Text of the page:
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During the 1880s and 1890s, Willie Blount Wright Heartsill (whose first name was pronounced “Wylie” and who was better known as W. B. W. Heartsill) played an active role in the farmer and labor movements in Arkansas. By the early 1890s, he had assumed a position of leadership in both movements, becoming the head of the Knights of Labor in the state and running for Congress as a Populist candidate in 1892. He later served in the Arkansas General Assembly.
W. B. W. Heartsill was born in Louisville, Tennessee, on September 14, 1840, to Hiram Heartsill and Amanda Wright Heartsill. He married three times and was the father of seven children. During the Civil War, Heartsill was in the Confederate army, serving at various times as a captain, a spy, and a scout for an independent company of Tennessee scouts called Osborne’s Scouts. He also held the position of chief of police of East Tennessee at one point during the war. After the war ended, Heartsill moved to Greenwood (Sebastian County), and he remained in Arkansas for the rest of his life. He bought a farm, held positions in the Sebastian County Circuit Court, and served as a postmaster from 1885 to 1889.
Heartsill’s involvement in the farmers’ movement began in 1884 when he joined the Brothers of Freedom, an organization formed in Johnson County in 1882 that consisted largely of yeomen or small landowning farmers. In 1885, the Brothers of Freedom merged into the Agricultural Wheel, a similar organization that had been founded in 1882 in Prairie County. In Sebastian County, this merger was complicated by internal quarreling, and, in 1887, Heartsill helped to organize an independent order of Farmers, Mechanics, and Workingmen, which soon entered the Farmers’ Alliance. Heartsill subsequently worked as an organizer for the Farmers’ Alliance in Arkansas in the early 1890s.
In 1892, as the Farmers’ Alliance began to decline, Heartsill became active in another (also waning) organization, the Knights of Labor. Heartsill joined the Knights’ Greenwood Local Assembly 239 in March 1892, just weeks after it was formed. While most members of Heartsill’s assembly were coal miners, his assembly and the ranks of Arkansas Knights in general included farmers as well, and the Knights had considerable ties with the farmers’ movement in Arkansas and elsewhere. Moreover, Heartsill’s role in the Farmers’ Alliance had won him the respect of Little Rock (Pulaski County) trade unionists, some of whom had unsuccessfully urged him to run for Congress in 1890.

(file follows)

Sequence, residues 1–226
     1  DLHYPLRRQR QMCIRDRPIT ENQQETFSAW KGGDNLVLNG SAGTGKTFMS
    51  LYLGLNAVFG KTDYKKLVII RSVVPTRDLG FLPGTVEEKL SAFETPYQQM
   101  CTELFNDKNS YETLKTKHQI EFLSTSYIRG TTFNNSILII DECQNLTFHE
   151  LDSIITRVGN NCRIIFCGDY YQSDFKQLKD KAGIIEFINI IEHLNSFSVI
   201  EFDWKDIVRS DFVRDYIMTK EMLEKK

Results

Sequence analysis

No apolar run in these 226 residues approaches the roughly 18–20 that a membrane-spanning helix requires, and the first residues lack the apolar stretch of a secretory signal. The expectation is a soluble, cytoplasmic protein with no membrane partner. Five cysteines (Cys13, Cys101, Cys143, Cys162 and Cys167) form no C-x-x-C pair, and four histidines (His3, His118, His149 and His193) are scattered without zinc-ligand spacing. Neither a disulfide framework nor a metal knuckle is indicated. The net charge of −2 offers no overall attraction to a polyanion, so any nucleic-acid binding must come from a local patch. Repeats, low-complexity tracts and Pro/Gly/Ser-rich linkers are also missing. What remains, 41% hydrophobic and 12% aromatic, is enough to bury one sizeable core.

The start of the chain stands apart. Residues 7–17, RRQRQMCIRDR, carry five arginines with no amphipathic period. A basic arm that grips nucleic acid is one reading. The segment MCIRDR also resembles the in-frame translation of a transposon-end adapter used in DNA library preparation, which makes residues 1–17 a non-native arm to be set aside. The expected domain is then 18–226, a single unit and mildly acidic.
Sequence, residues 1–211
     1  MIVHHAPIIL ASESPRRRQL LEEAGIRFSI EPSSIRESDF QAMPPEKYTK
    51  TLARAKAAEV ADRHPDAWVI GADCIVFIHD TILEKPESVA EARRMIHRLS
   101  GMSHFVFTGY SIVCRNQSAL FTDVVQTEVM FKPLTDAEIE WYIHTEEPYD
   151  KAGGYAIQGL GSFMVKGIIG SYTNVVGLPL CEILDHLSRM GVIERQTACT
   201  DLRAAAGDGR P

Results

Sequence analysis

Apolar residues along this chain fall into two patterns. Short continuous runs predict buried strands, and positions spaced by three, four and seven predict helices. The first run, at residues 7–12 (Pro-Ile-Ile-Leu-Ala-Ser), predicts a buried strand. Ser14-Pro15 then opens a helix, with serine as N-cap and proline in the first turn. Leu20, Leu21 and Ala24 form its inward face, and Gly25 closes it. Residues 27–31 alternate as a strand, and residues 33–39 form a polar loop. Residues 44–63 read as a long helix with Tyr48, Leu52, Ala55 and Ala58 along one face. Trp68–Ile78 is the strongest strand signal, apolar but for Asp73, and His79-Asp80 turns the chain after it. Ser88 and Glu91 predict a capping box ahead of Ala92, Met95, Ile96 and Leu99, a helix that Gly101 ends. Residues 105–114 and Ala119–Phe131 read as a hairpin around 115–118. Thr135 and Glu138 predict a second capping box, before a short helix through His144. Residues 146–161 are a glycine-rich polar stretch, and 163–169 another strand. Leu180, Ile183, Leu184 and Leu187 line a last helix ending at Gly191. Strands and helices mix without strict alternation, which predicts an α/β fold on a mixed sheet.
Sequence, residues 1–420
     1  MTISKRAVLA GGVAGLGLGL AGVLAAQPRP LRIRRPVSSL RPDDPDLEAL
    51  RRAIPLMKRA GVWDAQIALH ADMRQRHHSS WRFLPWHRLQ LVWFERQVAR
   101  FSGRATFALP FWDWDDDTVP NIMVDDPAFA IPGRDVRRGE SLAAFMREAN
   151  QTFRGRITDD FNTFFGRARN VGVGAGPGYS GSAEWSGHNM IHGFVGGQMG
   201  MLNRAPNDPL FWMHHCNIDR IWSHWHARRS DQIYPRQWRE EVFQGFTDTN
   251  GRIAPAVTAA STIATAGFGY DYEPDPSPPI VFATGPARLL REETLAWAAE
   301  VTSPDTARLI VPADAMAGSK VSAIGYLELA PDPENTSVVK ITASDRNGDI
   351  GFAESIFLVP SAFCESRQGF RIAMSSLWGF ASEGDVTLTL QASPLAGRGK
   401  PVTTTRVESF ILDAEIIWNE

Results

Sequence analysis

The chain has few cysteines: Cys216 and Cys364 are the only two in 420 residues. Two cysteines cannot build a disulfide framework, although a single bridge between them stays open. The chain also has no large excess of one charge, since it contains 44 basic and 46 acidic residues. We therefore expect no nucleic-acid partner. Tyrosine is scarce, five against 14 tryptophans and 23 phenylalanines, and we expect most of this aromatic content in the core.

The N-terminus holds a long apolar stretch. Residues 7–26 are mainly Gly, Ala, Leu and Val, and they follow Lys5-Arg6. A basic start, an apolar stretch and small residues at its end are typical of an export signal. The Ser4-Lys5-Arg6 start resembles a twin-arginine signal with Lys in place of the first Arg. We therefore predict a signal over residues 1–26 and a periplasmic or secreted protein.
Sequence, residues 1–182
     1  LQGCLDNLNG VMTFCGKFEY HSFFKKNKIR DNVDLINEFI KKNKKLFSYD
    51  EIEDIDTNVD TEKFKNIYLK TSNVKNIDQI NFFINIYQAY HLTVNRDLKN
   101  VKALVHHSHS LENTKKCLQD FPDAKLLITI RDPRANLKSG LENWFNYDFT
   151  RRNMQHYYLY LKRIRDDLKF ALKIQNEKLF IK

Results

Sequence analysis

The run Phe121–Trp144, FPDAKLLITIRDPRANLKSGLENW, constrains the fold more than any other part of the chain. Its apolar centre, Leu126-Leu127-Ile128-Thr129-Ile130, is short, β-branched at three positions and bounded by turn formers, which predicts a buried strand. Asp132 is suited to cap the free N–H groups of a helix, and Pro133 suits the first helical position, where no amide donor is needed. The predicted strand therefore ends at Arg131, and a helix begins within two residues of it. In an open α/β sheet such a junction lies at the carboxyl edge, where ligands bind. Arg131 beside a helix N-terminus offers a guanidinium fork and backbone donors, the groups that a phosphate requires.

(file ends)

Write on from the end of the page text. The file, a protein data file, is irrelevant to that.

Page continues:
In 1892, Heartsill accepted the nomination of the new People’s (or Populist) Party for the U.S. House of Representatives in the Second District. As the lone challenger to Democratic incumbent Clifton R. Breckinridge, Heartsill—whose campaign was hindered by both a lack of funds and the restrictive state Election Law of 1891—received only twenty-nine percent of the vote.
Nevertheless, nearly one year after that defeat, the Arkansas Knights of Labor chose Heartsill as their highest-ranking officer, State Master Workman. Holding that position for two years, Heartsill essentially presided over the Knights’ demise in Arkansas, and he spent much of his term trying to settle an ongoing dispute between a succession of coal mine operators and the Knights in Greenwood. In 1906, well after the disappearance of the Populist Party (as well as the Knights) in Arkansas, Heartsill won election as a Democratic state representative from Sebastian County. In this capacity, he remained an ally of organized labor, especially the United Mine Workers.
Heartsill was elected to the state legislature again in 1908 and 1912, but he did not live to serve his third term. He died in Little Rock on March 7, 1913. He is buried in Greenwood’s Liberty Cemetery.
For additional information:Baskett, Thomas S., Jr. “Miners Stay Away!: W. B. W. Heartsill and the Last Years of the Arkansas Knights of Labor, 1892–1896.” Arkansas Historical Quarterly 42 (Summer 1983): 107–133.
Hild, Matthew. Greenbackers, Knights of Labor, and Populists: Farmer-Labor Insurgency in the Late-Nineteenth-Century South. Athens: University of Georgia Press, 2007.
———. “Labor, Third-Party Politics, and New South Democracy in Arkansas, 1884–1896.” Arkansas Historical Quarterly 63 (Spring 2004): 24–43.
W. B. W. Heartsill Papers, 1864–1945. Center for Arkansas History and Culture. University of Arkansas at Little Rock, Little Rock, Arkansas.
Wheeler, John M. “The People’s Party in Arkansas, 1891–1896.” PhD diss., Tulane University, 1975.
Matthew Hild Georgia Institute of Technology
Last Updated 1/25/2018
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